Eric Reidsma
Aug 15, 2017 rated it it was ok
I was disappointed that it didn’t include more stories of life during the depression. A repetitive diary account of the status of the stock market. The investment hindsight to buy low and sell high was not insightful, but after reading this book I was motivated to increase my cash reserves.
Aug 24, 2018 rated it really liked it
This review has been hidden because it contains spoilers. To view it, click here.
Leo Ostapiv
Oct 15, 2017 rated it really liked it
Very good about 1/2 of the book, creates a unique frightening atmosphere.
Than repeats itself.
My full review (in Ukrainian) is here

Interesting initially, but quickly became repetitive. Still, probably worth a quick perusal for those interested in the depression. Very poor predictor of election outcomes. Hah.
Eiron Evans
Oct 30, 2017 rated it really liked it
Shame the fourth diary for 1934 was missing.
Nov 07, 2017 rated it liked it
Interesting to see the depression over time especially pertaining to the stock market. Started to drag on towards the end, with similar journal entries almost repeated.
Giovanni Martina
May 19, 2018 rated it really liked it
André Pinto
Jun 28, 2018 rated it really liked it
Insightful reading on the ups and downs of a major depression. Great asset to improve the investor's understanding of risk/reward dynamics.
Ryan Dansie
Nov 15, 2017 rated it really liked it
A little repetitive but a strong message none the less.
Oct 04, 2017 rated it really liked it
Gives you a great insight not only into Great Depression but also generally into USA and even world history between 1920s and World War II.
Wayne Jones
Apr 02, 2018 rated it really liked it
Very interesting anf good reminder of the perils of leverage when downturns hit. Really enjoyed the book although slightly repetitive at times.
Mar 16, 2011 rated it really liked it  ·  review of another edition
Recommended to Brian by: Planet Money
(4.5) Excellent read, a first-hand account of the Great Depression

A few interesting things about this:
* written by a lawyer (as opposed to manual laborer or a tycoon, perspectives more commonly represented)
* fairly dispassionate (well, he is a lawyer ;) ): without much reference to his own situation, Roth reports on the state of national elections, the stock market, local business, inflation rumors etc., so it's not a depressing account of how miserable he and those around him were. It's more a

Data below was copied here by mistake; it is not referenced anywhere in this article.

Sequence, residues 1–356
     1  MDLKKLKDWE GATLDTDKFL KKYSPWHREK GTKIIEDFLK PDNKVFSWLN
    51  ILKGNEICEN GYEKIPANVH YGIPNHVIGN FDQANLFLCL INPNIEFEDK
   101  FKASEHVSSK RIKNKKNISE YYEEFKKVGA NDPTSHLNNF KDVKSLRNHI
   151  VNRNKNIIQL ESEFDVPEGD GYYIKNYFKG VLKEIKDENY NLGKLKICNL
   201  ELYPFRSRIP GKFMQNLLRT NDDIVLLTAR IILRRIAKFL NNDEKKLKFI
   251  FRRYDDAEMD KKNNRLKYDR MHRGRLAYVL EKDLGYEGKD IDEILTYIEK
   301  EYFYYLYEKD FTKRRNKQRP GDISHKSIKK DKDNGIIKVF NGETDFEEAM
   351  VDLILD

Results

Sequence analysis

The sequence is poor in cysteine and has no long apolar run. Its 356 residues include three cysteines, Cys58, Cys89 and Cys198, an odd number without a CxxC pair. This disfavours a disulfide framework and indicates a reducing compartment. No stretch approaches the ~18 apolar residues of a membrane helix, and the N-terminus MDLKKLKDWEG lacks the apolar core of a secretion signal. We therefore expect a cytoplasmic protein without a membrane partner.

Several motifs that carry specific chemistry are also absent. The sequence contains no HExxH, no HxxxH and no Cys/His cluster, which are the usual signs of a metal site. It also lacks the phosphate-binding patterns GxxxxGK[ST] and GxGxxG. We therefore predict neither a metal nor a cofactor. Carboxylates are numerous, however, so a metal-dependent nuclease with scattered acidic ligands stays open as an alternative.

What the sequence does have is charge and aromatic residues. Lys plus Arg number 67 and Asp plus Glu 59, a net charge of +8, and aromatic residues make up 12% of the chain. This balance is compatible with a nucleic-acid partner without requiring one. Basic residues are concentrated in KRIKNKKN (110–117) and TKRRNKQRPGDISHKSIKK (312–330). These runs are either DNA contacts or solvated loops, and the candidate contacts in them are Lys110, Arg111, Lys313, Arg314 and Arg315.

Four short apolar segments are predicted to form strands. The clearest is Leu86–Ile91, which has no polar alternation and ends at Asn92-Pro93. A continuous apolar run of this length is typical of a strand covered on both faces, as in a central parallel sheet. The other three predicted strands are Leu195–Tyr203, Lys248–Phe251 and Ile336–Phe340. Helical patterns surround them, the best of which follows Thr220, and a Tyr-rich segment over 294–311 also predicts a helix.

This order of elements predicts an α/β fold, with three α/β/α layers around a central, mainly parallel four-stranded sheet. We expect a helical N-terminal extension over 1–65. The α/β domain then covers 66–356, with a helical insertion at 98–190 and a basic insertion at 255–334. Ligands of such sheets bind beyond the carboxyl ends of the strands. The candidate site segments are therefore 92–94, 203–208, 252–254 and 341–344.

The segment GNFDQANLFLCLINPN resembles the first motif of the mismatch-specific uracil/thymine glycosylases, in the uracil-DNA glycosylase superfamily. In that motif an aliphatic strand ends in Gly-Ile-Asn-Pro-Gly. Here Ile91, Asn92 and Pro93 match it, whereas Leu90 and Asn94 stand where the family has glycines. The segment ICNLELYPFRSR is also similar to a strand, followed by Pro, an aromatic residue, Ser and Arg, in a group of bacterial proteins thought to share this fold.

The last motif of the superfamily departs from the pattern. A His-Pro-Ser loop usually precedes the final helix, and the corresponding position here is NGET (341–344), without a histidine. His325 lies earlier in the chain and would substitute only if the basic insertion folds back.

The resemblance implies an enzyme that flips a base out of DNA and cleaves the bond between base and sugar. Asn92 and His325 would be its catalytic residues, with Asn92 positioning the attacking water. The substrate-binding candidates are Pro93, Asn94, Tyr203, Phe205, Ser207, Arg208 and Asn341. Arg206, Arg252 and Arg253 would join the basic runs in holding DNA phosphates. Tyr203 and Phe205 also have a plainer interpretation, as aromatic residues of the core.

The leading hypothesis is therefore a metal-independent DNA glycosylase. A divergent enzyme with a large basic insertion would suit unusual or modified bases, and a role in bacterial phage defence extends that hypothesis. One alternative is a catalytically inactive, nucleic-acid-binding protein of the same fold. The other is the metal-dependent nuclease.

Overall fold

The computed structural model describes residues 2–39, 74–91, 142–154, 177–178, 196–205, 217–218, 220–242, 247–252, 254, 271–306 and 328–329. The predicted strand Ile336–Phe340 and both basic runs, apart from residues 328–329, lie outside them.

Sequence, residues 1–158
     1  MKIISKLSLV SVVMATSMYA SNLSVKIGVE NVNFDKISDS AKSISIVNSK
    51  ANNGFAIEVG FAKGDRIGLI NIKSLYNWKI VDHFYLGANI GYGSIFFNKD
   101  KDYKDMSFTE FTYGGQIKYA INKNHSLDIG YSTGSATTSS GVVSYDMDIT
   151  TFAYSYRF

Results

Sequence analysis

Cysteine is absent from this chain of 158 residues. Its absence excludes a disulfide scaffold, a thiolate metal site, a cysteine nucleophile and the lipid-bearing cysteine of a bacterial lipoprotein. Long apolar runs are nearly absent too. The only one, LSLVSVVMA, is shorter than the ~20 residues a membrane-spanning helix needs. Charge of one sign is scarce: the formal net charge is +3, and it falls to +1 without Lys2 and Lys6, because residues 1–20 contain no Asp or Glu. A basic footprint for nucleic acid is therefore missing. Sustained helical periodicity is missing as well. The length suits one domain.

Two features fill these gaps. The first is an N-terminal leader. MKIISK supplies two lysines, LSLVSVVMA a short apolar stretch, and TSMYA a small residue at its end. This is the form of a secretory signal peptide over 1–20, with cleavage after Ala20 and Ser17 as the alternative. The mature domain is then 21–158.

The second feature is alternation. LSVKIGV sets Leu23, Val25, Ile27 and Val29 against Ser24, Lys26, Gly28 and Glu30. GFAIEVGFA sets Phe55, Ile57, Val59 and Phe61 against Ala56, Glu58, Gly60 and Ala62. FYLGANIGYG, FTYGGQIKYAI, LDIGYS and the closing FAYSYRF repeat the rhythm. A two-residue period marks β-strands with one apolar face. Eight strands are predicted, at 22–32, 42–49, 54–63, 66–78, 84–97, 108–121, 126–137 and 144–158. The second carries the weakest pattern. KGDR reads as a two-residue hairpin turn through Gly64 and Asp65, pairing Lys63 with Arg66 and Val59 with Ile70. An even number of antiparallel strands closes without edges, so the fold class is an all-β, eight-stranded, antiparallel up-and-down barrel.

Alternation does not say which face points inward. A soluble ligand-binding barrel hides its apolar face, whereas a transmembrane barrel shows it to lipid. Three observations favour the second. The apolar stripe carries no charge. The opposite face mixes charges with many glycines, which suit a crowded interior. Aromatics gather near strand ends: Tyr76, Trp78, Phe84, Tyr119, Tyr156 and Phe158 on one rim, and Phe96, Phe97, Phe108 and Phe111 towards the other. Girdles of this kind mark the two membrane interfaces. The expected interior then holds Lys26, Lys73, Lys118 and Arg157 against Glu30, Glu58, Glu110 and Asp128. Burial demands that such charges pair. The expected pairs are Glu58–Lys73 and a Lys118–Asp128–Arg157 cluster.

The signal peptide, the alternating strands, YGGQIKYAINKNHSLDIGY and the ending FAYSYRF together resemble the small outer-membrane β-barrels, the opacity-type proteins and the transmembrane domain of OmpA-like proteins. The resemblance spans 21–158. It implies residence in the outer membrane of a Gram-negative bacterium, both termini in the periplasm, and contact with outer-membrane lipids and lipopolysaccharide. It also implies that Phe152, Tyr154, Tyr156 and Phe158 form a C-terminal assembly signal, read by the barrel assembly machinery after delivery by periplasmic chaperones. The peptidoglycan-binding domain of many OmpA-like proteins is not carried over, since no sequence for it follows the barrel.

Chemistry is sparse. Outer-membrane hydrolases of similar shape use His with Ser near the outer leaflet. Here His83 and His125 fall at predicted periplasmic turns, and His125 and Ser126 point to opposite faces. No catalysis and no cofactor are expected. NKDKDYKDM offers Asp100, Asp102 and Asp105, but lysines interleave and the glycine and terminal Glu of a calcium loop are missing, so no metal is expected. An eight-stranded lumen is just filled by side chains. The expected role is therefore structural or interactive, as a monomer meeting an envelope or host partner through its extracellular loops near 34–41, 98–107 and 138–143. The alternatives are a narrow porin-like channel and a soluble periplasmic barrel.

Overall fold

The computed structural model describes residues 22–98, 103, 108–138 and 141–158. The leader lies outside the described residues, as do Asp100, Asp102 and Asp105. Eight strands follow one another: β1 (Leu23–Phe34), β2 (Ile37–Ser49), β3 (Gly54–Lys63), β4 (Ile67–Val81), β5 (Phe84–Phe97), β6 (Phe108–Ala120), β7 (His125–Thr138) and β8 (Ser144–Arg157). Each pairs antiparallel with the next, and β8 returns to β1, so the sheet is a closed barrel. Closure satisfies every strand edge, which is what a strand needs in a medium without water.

Nov 07, 2009 rated it it was amazing
I am enjoying this book on my Kindle DX. As I read I think the narrative is today's story. Some cute quotes follow:

[Insurance? No loans!:]
It is the old story of lending you an umbrella when the sun is shining and then demanding it back when it rains.
- Note Loc. 674-75

[The socialist party is eating this up!:]
People who are ordinarily moderate predict freely that if things do not get better very soon we will have a revolution in the U.S.A. and some form of Communism or dictatorship.
- Note L
Harold Citron
Aug 27, 2013 rated it really liked it
A great real-time walk through of the emotions that gripped the country during the Great Depression.

Roth mixes the personal with the local with wider events as they occur. This is complemented by the editors commentary describing the wider political and economic events of the day.

Certainly a worthy companion to those looking for some understanding of what happened during the 'Great Recession / credit crunch' of 2008 - 2012 and counting. Given how bad things were in the 1930's, it gives a signif
Mar 14, 2018 rated it liked it
Amazing primary source document. When studying the Great Depression, there are plenty of tales of those that lost everything--but what about the professional class that almost lost everything? He really struggled to understand some big economic issues, and it was interesting to follow his learning process.

That said, this book is a rather slow read (though not overly long), so don't tackle unless you already have an interest in this time period.
Oct 22, 2011 rated it really liked it
Shelves: historical-fact
An extraodinary observation of the depression through the eyes of an ordinary citizen caught up in the thick of it all.